Today, the rise of anti-Semitism around the world — even in our own backyards — is troubling. It is a problem that we all, Christians and Jews alike, must unite together to fight. One way of fighting anti-Semitism is through learning about its historical manifestations, so that we don’t allow history to repeat itself. Of course the Holocaust is perhaps the largest occurrence of anti-Semitism, and one we will focus on throughout the month of January. And anti-Semitic actions by rulers even occurred during Bible times. But this history lesson is from about a thousand years ago, resulted in an entire city’s Jewish population being wiped out, and features much of the same anti-Semitic incitement and violence we still see today.
Son of a Rabbi
A city (and province) in Andalusia in southern Spain, Granada is famous for the Alhambra, a historical Islamic palace and site of the depiction of a historical massacre seen above. But while known for its Muslim history, Granada was also once home to a thriving Jewish population. The advisor to the city’s Moorish ruler was Joseph ibn Naghrela. Joseph was Jewish, the son of a rabbi, poet, and warrior named Sh’muel ha-Nagid.
Joseph followed in his father’s footsteps, copying his poetry and heading onto the battlefield with him. While educated by his father, Joseph also received schooling from the renowned teacher, Rabbi Nissim Gaon. And after Sh’muel died, Joseph took over his father’s positions as yeshiva teacher and vizier to the local Muslim king.
An Anti-Semitic Poem
While Joseph enjoyed the trust of King Badis (who history says “was nearly always drunk”), other Muslim leaders did not trust this Jew among them. One of these enemies — a man with the curious name of Abu Ishak of Elvira — not only hated Jews like Joseph, but coveted a palace position such as the one Joseph held. While the drunken king, to his credit, would not be turned against Joseph, the public could. Abu Ishak turned the public sentiment by writing a poem, part of which reads:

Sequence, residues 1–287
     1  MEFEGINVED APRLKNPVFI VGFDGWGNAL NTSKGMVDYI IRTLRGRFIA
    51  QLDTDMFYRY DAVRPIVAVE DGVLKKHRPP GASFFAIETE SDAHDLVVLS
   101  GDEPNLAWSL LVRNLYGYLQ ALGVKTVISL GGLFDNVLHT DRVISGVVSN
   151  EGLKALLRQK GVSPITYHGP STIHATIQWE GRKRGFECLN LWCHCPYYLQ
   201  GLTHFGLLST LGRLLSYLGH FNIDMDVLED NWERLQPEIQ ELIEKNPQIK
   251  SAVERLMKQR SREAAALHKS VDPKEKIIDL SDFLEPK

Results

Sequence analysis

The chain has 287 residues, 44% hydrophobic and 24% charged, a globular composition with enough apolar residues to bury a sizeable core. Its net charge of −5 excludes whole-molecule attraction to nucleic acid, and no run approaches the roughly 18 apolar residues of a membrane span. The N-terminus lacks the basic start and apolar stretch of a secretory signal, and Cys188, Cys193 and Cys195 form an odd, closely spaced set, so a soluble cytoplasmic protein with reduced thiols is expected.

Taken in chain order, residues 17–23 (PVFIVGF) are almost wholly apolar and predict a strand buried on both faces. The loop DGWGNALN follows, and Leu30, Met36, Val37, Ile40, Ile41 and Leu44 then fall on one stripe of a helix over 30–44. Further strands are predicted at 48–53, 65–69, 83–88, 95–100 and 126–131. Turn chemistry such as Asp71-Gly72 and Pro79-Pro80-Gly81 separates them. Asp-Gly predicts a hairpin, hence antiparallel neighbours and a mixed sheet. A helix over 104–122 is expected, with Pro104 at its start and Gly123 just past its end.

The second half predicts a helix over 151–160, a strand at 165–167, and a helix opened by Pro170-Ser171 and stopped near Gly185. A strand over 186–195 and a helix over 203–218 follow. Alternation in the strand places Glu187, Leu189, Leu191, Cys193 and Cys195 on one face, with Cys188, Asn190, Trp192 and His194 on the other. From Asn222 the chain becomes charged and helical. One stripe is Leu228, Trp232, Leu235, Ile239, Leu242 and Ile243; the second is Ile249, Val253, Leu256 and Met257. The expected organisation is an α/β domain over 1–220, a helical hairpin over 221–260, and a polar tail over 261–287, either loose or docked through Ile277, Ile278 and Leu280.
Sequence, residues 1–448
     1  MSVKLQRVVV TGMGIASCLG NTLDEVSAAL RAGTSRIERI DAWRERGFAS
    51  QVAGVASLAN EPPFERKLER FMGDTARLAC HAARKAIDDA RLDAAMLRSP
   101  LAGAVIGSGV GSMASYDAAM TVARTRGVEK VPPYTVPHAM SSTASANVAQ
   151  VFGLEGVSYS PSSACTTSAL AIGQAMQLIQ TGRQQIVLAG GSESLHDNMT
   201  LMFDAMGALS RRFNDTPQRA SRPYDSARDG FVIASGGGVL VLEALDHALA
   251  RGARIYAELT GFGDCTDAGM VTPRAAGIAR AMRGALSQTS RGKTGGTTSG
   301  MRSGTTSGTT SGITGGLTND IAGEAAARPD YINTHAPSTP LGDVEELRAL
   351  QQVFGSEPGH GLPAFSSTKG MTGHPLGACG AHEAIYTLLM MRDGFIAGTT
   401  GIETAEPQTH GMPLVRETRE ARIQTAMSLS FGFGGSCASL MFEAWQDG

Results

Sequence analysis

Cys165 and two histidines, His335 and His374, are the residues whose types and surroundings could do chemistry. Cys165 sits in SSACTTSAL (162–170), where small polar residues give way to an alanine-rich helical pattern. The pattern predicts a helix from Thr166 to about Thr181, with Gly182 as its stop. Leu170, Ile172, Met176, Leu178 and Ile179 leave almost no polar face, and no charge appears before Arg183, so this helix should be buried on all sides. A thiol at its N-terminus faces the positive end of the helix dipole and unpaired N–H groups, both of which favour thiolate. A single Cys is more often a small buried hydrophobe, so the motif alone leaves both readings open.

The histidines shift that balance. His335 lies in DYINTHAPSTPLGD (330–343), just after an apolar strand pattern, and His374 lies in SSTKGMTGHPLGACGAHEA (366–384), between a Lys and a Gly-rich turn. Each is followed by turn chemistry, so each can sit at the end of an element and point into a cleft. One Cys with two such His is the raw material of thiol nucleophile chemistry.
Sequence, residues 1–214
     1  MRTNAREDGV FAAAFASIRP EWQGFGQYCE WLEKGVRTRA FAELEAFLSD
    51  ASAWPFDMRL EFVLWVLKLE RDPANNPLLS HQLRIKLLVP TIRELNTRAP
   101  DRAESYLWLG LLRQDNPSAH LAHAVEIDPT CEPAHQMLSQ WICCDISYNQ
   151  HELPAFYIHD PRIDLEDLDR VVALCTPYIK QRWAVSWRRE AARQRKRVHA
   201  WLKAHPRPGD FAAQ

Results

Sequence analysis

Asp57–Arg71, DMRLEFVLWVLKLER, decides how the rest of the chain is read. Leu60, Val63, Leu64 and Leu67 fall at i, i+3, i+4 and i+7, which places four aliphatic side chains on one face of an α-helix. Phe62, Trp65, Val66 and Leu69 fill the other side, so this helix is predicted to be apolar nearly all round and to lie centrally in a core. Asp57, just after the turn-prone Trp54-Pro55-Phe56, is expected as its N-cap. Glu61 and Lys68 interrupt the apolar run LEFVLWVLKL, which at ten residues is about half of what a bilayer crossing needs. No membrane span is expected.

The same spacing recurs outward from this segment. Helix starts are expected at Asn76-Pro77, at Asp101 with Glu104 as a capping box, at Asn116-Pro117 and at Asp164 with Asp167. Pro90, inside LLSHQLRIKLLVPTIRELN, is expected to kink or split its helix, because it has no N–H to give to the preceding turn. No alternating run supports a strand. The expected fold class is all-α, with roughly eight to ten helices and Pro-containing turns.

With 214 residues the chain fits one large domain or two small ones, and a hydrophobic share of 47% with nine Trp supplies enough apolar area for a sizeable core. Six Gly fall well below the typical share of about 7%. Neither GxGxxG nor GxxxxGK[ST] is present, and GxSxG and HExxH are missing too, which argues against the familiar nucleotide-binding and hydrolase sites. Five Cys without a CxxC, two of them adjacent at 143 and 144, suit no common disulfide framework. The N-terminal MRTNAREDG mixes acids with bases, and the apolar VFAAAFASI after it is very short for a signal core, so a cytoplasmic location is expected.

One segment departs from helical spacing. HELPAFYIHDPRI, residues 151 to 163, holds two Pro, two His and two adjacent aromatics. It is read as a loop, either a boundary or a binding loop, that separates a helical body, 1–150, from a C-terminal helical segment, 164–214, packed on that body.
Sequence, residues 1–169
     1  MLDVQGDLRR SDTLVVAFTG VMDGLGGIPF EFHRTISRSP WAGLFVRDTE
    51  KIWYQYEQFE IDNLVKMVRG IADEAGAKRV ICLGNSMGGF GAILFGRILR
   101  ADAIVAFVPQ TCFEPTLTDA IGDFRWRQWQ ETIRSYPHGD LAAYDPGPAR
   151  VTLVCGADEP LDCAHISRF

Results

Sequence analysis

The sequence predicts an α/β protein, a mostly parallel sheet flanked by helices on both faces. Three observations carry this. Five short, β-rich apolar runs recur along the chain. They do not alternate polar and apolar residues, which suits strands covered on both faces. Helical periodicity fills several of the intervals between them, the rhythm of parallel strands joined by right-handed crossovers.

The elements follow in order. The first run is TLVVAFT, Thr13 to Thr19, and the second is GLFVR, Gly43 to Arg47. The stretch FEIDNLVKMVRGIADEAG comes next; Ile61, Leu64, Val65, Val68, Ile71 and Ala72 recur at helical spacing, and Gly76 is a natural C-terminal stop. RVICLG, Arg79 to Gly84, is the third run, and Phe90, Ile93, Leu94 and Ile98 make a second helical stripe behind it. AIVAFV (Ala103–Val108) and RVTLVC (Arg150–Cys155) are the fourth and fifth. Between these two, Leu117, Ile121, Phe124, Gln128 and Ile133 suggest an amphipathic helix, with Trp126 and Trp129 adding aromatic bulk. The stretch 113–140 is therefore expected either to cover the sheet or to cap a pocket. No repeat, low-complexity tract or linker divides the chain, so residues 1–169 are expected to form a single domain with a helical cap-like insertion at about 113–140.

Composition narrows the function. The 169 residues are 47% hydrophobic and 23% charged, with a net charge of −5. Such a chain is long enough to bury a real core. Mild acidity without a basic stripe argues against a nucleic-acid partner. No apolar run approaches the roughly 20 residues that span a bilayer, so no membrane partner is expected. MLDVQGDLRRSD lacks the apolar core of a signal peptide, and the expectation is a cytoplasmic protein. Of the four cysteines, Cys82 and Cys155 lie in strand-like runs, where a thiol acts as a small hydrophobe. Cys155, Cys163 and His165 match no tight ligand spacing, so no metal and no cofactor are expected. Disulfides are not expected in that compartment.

Do not consider it a breach of faith to kill them, the breach of faith would be to let them carry on.
Just as today’s terrorist leaders of Hamas and Fatah and Islamic Jihad (not to mention the growing scourge of neo-Nazis and anti-Semitic lone-wolf terrorists in the U.S. and Europe) use hateful language to incite violence against Jews, this poem did the same.
The Granada Massacre
Just as today’s terrorists are incited by the hateful words they are fed, so too was the public in Granada. Joseph took shelter in the royal palace, but on December 30, 1066, angry mobs stormed its gates and carried him outside. Joseph was crucified, just as another Jewish teacher had been a millennium before.
And just as perpetrators of today’s terror attacks all too often target innocent civilians, so too did the angry mobs in the streets of Granada. When the massacre was over, thousands of Granada’s Jews had been killed (some sources say 1,500 people, while others say 1,500 families).
So as we, even today, witness both incitement to violence and the resulting acts of against Jews, let us learn from such historical anti-Semitic events such as the 1066 Granada Massacre and speak out against such hateful words and hateful actions.Tags: Anti-Semitism Granada History Jews Spain